Brazil: one fatality every four hours expected
The indigenous peoples of Brazil might soon be without a functioning healthcare system (Press Release)
The Brazilian government is planning drastic cuts on medical care for indigenous peoples, and human rights activists are extremely worried about an impending disaster. The Society for Threatened Peoples (STP) thus called on UN High Commissioner for Human Rights Michelle Bachelet to intervene with the Bolsonaro government immediately.
Apparently, the indigenous peoples of Brazil might soon be without a functioning healthcare system. The human rights panel of the Catholic Bishops' Conference of Brazil (Conselho Indigenista Missionário, CIMI) issued an according statement on March 22, 2019 – and several indigenous representatives and delegates of the Special Bureau for Indigenous Health SESAI (Secretaria Especial de Saúde Indígena) recently reported that the federal government has not transferred funds to SESAI or other health centers since January.
The reports indicate that some of the 34 health districts are already short in funds for primary care and medical visits to indigenous communities. According to CIMI, there have been no funds for various medical services since October 2018. "At the end of 2018, more than 8,000 Cuban doctors were working in the country as part of the Mais Médicos program. Now that they have left the country, there is a dramatic lack of medical professionals, especially in the poor and remote areas," criticized Yvonne Bangert, the STP's expert on indigenous peoples.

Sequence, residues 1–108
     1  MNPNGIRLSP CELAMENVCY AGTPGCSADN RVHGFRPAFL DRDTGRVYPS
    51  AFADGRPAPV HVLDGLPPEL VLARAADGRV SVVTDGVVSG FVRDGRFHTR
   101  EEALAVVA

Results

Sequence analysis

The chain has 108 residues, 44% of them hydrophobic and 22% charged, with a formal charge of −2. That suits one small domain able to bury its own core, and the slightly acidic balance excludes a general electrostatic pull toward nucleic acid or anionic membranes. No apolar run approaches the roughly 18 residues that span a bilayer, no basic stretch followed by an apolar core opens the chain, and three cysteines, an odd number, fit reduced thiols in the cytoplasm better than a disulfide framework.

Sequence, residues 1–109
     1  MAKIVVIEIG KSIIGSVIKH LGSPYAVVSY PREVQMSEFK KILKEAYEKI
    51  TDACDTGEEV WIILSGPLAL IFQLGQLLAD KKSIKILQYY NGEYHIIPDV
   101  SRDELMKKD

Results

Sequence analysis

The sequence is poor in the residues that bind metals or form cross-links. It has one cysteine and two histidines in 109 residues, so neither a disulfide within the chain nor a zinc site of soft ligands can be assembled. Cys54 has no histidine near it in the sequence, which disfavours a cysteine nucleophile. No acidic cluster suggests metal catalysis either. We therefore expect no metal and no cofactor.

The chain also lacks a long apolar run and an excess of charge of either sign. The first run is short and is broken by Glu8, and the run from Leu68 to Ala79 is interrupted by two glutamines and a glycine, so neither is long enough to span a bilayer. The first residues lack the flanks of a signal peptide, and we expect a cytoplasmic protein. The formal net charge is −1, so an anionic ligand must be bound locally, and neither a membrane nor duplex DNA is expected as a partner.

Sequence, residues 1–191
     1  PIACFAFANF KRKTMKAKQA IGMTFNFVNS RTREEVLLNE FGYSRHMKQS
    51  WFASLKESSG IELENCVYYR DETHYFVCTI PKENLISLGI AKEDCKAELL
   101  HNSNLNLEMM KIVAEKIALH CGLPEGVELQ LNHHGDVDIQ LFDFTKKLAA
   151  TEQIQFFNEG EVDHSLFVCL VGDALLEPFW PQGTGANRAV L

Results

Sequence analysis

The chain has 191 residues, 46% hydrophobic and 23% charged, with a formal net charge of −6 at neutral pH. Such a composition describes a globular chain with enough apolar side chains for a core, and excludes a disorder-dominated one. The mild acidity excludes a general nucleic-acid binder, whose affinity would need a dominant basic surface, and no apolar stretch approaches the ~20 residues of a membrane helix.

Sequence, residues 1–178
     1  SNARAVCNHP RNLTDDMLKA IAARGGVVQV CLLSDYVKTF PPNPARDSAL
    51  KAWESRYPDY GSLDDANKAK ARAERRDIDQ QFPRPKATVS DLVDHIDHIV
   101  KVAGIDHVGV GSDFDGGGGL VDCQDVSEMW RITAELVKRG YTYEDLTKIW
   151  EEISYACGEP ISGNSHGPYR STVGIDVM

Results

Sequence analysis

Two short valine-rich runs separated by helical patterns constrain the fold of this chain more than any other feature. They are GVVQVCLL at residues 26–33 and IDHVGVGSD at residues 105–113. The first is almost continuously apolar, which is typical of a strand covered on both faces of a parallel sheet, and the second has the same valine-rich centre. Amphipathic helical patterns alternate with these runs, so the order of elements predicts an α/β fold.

Brazil's newly appointed Health Minister Luiz Henrique Mandetta is an open critic of indigenous rights. On March 20, he had announced significant changes within the ministry. According to CIMI, a partner organization of the STP, there are clear signs that SESAI might be disbanded soon. The ministry has describes the cuts as a necessary restructuring of the health services for indigenous peoples – allegedly to ensure that the services can be optimized. However, SESAI and other external healthcare providers were also accused of having misused resources.
CIMI warns of incalculable dangers for the country's indigenous peoples. Given the distances between the indigenous communities and the public medical institutions, it is irresponsible to cut down on the funds. According to SESAI, there is no alternative to the current healthcare system. If there was a standstill as a result of the cuts, chaos and death would be inevitable: "We would have to expect one fatality every four hours," SESAI stated.
The FUNAI agency is no longer able to act, and SESAI – another important institution for the indigenous peoples of Brazil – might soon be disbanded as well. The government is cutting down on fundamental rights and care structures which the indigenous peoples had fought for over decades – regardless of possible casualties. The STP supports the appeal of the indigenous organizations and their supporters to international actors to try to improve the situation of Brazil's indigenous peoples.
Header Image: SENAI via Flickr